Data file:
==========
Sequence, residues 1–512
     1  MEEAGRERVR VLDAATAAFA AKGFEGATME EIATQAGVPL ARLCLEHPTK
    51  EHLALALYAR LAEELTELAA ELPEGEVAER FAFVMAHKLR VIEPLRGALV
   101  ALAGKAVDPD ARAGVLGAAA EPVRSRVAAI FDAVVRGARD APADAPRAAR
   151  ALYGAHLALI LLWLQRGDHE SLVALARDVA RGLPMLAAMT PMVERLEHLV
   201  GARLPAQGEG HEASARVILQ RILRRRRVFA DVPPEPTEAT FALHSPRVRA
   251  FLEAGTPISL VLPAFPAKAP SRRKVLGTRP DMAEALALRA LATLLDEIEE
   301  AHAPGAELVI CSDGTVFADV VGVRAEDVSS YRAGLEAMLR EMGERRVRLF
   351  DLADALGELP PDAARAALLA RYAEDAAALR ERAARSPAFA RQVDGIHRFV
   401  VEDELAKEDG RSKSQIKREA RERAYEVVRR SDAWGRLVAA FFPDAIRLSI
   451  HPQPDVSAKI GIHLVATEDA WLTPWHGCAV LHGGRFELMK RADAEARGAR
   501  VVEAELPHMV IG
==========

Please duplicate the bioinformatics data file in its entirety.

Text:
Sequence, residues 1–512
     1  MEEAGRERVR VLDAATAAFA AKGFEGATME EIATQAGVPL ARLCLEHPTK
    51  EHLALALYAR LAEELTELAA ELPEGEVAER FAFVMAHKLR VIEPLRGALV
   101  ALAGKAVDPD ARAGVLGAAA EPVRSRVAAI FDAVVRGARD APADAPRAAR
   151  ALYGAHLALI LLWLQRGDHE SLVALARDVA RGLPMLAAMT PMVERLEHLV
   201  GARLPAQGEG HEASARVILQ RILRRRRVFA DVPPEPTEAT FALHSPRVRA
   251  FLEAGTPISL VLPAFPAKAP SRRKVLGTRP DMAEALALRA LATLLDEIEE
   301  AHAPGAELVI CSDGTVFADV VGVRAEDVSS YRAGLEAMLR EMGERRVRLF
   351  DLADALGELP PDAARAALLA RYAEDAAALR ERAARSPAFA RQVDGIHRFV
   401  VEDELAKEDG RSKSQIKREA RERAYEVVRR SDAWGRLVAA FFPDAIRLSI
   451  HPQPDVSAKI GIHLVATEDA WLTPWHGCAV LHGGRFELMK RADAEARGAR
   501  VVEAELPHMV IG